"Unfortunately for fans of the Defendersverse, this show — and this corner of the Marvel Cinematic Universe, for that matter — fails to go out with a bang, rather limping into the night with a whisper. When it comes to Jessica Jones Season 3, an overwhelming chunk of the season is entirely forgettable, lost in the ether while it tries to find footing and decide what it wants to be." - Adam Barnhardt, ComicBook.com
"While the first two seasons played it closer to the vest with more personal stories, for its swan song the Netflix series expands its narrative scope, placing the notoriously aloof PI squarely into the court of public opinion. With her every move scrutinized on social media, from hunting down a serial killer to slowly letting Trish back into her life, Jessica must decide how beholden she is to the people she’s protecting versus when she should revert to trusting only herself. It’s a natural progression both for this series and in context with the last few years of the Marvel Cinematic Universe, but it sure takes its sweet time getting there." - Natalie Zutter, Den of Geek
"This season — which was set to be showrunner Melissa Rosenberg‘s final season anyway — is a dark story, probably the least comic book-y of Netflix’s already grounded and gritty pocket of the MCU. It doesn’t always work and does suffer from the same pacing issues that have plagued, well, pretty much all of these shows. But when it hits, it hits just like its main heroine; violent, flawed, and willing to go where her more moral superhuman peers wouldn’t dare." - Vinnie Mancuso, Collider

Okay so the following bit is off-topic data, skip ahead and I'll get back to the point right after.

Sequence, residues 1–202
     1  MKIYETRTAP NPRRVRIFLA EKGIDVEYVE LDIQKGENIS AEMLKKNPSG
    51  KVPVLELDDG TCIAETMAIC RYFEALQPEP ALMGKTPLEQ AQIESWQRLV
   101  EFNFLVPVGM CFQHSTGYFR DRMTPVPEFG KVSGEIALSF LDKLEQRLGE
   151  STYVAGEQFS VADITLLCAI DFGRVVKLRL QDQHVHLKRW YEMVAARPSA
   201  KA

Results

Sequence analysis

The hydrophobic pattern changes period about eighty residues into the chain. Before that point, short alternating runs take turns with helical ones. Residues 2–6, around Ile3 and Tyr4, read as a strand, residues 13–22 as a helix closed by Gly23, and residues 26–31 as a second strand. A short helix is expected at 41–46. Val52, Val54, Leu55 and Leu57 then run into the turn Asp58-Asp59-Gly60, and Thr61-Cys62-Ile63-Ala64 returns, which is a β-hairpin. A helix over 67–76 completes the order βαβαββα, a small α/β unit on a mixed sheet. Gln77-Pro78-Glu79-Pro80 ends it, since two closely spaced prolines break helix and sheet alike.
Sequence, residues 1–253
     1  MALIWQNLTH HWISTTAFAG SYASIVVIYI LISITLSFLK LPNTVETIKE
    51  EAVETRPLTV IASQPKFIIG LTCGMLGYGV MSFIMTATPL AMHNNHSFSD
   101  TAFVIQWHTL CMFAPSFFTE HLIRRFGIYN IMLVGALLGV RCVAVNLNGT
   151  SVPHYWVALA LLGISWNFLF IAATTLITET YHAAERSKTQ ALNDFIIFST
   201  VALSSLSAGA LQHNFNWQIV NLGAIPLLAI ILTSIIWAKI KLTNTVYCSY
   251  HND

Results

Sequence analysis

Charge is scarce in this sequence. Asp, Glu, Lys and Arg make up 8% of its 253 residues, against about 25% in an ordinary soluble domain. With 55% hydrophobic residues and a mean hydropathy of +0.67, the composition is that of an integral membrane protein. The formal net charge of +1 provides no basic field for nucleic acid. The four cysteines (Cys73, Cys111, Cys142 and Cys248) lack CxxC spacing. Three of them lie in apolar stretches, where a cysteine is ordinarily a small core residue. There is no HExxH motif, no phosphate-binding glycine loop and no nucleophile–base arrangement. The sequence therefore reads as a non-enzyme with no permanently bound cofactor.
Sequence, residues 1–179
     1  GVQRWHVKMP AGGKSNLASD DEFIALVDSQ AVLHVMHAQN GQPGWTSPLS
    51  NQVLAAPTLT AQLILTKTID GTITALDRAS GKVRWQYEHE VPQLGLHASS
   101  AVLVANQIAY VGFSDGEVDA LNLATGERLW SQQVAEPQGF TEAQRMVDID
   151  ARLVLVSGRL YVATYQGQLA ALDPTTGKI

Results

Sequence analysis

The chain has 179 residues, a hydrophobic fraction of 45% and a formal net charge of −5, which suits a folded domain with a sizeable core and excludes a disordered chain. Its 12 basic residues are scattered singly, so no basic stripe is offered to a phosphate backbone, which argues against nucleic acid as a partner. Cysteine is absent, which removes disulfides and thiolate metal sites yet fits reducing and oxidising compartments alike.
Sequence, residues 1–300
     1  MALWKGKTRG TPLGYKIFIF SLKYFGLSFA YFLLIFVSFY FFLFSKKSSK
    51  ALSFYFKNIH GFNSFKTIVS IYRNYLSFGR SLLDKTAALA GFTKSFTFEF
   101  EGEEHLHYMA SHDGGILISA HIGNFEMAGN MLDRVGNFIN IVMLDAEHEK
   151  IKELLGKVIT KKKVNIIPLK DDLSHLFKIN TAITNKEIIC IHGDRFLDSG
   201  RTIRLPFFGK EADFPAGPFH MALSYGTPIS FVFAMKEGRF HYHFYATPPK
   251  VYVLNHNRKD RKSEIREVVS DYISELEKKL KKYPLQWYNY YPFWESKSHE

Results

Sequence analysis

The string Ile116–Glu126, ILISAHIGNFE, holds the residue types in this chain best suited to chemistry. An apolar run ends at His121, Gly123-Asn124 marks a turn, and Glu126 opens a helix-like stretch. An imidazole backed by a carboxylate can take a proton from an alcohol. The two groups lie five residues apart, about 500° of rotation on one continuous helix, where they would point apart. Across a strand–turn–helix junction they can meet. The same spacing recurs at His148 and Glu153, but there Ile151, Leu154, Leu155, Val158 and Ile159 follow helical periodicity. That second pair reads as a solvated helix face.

"Like the seasons that came before it, this run of Jessica Jones is good but nowhere near great. In fact, the first two seasons felt so much more in line with the comic book that this series feels less like a superhero show and more like any number of generic network crime series. Krysten Ritter and Rachael Taylor are solid in their performances but are not given strong enough material to elevate this to even being on par with what came before it. Pulling the story in too many directions ends up feeling like set up for a fourth season and beyond which feels anticlimactic knowing this is the last run for this character." - Alex Maldy, JoBlo.com
"Confident in its self-contained narrative while never going anywhere near the sublime heights or excitement of the show’s first season (but still an overall better binge than the Season 2 dud), Jessica Jones Season 3 is a textured story brimming with intrigue but little pizzazz. Your enjoyment will really depend how much you still care about these characters after all this time." - Eric Francisco, Inverse
"Jessica Jones' sophomore season didn't hold up, due to issues ranging from poorly written new characters to the lack of a narrative throughline. But like Daredevil's final season, Jessica Jones Season 3 is a return to form—and then some ... We've seen Season 3's themes and narrative arcs many times before. But when this superhero comfort food is done well, it can resonate with viewers nonetheless. And that's the case with Jessica Jones Season 3." - Michael Rougeau, GameSpot